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Bidding Information
Lot #    10946
Auction End Date    7/12/2005 12:25:00 PM (mm/dd/yyyy)
Title Information
Title (English)    Four works in one volume
Title (Hebrew)    '; ; ;
Author    R. Judah ben Bezalel Loew (Maharal)
City    Warsaw; Nowy Dwor Mazowiecki
Publisher    W. J. Lebenssohn; Zevi Jacob Bomberg; Johann Krieg
Publication Date    1796-1841
Collection Information
Independent Item    This listing is an independent item not part of any collection
Description Information
   94; 32; 11; [1], 102 ff., 196:155 mm., wide margins, light age staining, old hands, stamps, some blue paper. Very good copies bound in later cloth boards.
   Tiferet Yisrael (1835); Derash al ha Torah (1836); Derash Neah (1841); Gevurot ha-Shem (1796). Four works by R. Judah ben Bezalel Loew (Maharal) printed separately but bound together. The first title is Tiferet Yisrael, on the excellence of the Torah and the commandments. It addresses question of the relationship between Israel and God, with the Torah serving as mediator between them, and the problem of the galut, the reasons for it, and the manner of its termination. It has two title pages, the first with a decorative border, the second with a wreath. It, as are all the other works excepting Derash Neah, is set in rabbinic type, excepting headers and initial words. Tiferet Yisrael is divided into seventy chapters. The second work is Derash al ha Torah ve-al ha-Mizvot. It is the famed discourse delivered by Maharal on that subject. It two has two title pages, the first with the same frame as Tiferet Yisrael. Derash Neah is a discourse delivered by Maharal in Prague on Shabbat Teshuvah. It is set in two columns in square letters. The final work is Gevurot ha-Shem, on the Exodus, the Haggadah, Divine providence, exile and redemption. It is comprised of seventy-two chapters, fifty-one to sixty five a commentary on the Haggadah.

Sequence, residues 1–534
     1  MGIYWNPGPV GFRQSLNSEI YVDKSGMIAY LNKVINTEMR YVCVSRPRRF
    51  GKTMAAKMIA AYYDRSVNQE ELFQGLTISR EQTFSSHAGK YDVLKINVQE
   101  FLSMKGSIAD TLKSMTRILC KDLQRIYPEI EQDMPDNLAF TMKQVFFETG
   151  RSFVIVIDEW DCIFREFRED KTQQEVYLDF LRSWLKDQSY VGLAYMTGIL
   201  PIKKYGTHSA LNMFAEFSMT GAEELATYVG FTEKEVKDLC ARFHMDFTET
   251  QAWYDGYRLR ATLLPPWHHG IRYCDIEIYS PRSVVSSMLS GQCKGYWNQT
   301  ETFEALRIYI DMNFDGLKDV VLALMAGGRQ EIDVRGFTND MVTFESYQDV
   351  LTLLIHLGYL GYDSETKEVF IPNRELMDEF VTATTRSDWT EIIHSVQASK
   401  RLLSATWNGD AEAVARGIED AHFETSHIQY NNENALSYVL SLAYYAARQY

Maharal is among the preeminent rabbinic figures of the late sixteenth and early seventeenth centuries. An original and profound thinker, his varied interests, in addition to vast rabbinic scholarship, encompassed kabbalistic, scientific, and mathematical studies. Little is known of Maharals personal life, as he was reticent to include such material in his works. However, he is the subject of numerous miraculous tales, concerning his birth, marriage, and later life. Born in Posen, Maharal served as Landesrabbiner of Moravia in Nikolsburg from 1553 to 1573 prior to moving to Prague to head the Klaus yeshiva. Maharal left Prague in 1583-1584 for Posen, returning in 1588-1589. He again left Prague for Posen in 1592, returning in 1597 to succeed R. Mordecai ben Abraham Jaffe (Levush), as Chief Rabbi. Although Maharal is known as Chief Rabbi of Prague he was elected to that position late in life, due to opposition to him for his independent positions, among them his disdain for the current educational curriculum and the pilpul method of Talmud study. His works in the fields of ethics, philosophy, and homiletics are all based on the same homiletical system: exegetical and homiletical interpretation of the sayings of the rabbis of the Talmud.

   Vin Warsaw 111, 104, 401, Nowy Dwor 73
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Listing Classification
18th Century:    Checked
19th Century:    Checked
Russia-Poland:    Checked
Language:    Hebrew
Manuscript Type
Kind of Judaica